Father’s Day – always an odd day for me. My Father died when I was about 18 months old. He was Chief Resident at Boston State Hospital, which I believe was the first hospital established in the US exclusively for the treatment of Mental Illness. (Don’t quote me, I could be wrong.) My father caught polio from one of his patients and died from it fairly quickly. My mother was a psychiatric nurse when they met – she later became a psychologist and is still working today.
Looking up the Hudson from the Bay. The building under construction on the right is the “Freedom Tower“
We lived in housing provided for the staff. I think we should have been thrown out after my father died, since it was a perk for the Doctors but, out of kindness or guilt (the polio vaccine was already available to the staff but he had not been given an inoculation yet) or both, they let my Mother and me stay on. We lived there until I was 10/11 and I came back to work there in the summers after I turned 16. Of course many of the staff remembered me but what was stranger was how many patients remembered me as a little boy and remembered my parents and wanted to talk to me about how wonderful my Father had been and how nice my Mother was.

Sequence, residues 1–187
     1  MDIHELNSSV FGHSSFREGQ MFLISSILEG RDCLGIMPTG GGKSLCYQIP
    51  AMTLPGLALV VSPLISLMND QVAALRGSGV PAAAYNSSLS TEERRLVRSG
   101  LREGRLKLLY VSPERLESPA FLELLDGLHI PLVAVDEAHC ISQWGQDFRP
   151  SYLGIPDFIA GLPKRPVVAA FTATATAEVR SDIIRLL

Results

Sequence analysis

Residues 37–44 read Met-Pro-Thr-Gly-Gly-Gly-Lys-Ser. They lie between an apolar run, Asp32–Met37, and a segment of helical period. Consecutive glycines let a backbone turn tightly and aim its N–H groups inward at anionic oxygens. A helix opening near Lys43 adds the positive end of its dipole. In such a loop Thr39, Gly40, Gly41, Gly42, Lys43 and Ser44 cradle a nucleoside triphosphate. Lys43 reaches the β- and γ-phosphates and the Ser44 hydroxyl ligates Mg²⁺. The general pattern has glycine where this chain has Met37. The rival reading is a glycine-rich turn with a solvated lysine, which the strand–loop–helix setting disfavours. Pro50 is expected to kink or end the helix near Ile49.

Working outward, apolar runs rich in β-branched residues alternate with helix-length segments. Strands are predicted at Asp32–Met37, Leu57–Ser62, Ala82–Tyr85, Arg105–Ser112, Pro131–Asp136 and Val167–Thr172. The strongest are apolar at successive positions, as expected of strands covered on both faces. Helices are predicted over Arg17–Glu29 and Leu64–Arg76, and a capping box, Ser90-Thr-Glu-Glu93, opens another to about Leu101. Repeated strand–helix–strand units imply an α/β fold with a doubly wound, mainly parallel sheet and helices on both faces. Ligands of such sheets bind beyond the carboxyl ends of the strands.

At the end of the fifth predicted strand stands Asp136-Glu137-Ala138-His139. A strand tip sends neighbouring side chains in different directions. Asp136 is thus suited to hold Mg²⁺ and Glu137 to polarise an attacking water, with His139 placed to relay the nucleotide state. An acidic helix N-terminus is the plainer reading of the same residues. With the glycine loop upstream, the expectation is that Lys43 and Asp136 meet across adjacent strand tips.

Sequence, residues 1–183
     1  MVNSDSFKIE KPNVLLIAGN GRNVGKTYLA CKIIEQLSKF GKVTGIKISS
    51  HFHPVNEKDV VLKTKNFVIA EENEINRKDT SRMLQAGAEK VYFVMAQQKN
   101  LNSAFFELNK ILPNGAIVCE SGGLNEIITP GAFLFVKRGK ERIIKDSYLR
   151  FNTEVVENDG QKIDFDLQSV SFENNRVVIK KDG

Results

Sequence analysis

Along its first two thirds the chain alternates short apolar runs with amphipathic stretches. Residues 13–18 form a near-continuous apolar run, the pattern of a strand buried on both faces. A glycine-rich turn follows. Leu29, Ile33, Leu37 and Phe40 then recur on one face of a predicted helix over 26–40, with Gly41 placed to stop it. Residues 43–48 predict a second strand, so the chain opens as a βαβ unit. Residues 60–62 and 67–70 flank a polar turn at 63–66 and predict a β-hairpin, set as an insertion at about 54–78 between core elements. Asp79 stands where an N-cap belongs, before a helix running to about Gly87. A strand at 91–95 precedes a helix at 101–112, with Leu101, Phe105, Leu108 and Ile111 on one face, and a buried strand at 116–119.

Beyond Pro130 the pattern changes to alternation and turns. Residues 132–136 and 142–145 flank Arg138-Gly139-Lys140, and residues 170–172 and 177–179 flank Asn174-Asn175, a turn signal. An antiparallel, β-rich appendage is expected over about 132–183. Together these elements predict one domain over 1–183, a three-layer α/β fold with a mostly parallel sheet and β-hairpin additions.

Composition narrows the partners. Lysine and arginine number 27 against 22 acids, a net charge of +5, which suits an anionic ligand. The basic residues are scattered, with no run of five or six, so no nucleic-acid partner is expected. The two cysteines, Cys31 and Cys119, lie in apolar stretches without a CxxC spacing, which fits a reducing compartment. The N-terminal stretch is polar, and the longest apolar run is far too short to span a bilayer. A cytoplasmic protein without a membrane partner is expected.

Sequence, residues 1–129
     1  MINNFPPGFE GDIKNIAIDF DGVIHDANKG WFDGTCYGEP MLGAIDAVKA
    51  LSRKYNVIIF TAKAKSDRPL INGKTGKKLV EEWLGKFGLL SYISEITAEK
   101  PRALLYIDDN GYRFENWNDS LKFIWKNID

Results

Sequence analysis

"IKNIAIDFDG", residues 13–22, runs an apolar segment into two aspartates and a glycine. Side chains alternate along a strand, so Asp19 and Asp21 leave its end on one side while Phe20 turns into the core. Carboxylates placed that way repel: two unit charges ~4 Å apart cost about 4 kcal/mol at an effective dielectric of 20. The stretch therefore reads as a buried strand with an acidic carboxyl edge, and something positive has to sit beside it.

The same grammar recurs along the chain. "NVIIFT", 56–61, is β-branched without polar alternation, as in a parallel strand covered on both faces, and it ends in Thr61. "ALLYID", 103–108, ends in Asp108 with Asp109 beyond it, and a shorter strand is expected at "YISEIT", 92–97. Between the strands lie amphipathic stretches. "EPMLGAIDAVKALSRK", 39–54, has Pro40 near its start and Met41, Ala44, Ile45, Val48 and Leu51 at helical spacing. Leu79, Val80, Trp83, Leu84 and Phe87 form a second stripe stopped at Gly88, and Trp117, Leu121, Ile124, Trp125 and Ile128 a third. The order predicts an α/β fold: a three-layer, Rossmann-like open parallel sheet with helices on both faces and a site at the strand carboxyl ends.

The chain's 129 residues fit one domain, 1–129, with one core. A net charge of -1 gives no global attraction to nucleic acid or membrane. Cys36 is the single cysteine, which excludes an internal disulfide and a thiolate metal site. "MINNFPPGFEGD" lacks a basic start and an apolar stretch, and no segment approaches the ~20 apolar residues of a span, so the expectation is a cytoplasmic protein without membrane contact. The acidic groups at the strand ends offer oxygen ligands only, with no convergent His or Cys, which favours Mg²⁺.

Heading down river to the ocean
As my fellow blogger, Rebekah, over at Colder Weather reminded me, I always hated the card making elementary school ritual. As I remember I was the only kid who did not have a father (again don’t quote me but it felt that way)
and the “oh make it for your grandfather or an uncle” stuff just did not work.
This year was the first year that Abigail was not home for Father’s Day, but we facebooked and made plans to go out when she gets back. Katherine and I took a boat ride from Chelsea Piers through Buttermilk Channel, out by The Statue of Liberty and Ellis island and then back. A nice two hour tour.
If you read this blog you know that I am always a day behind, I talk about yesterday as if it were today, today as if it were tomorrow. I assume this is fairly common in Blog world, although no one I follow seems to do this, but I do confuse myself sometimes and can’t quite remember when I am talking about and if something has happened or will happen “tomorrow”.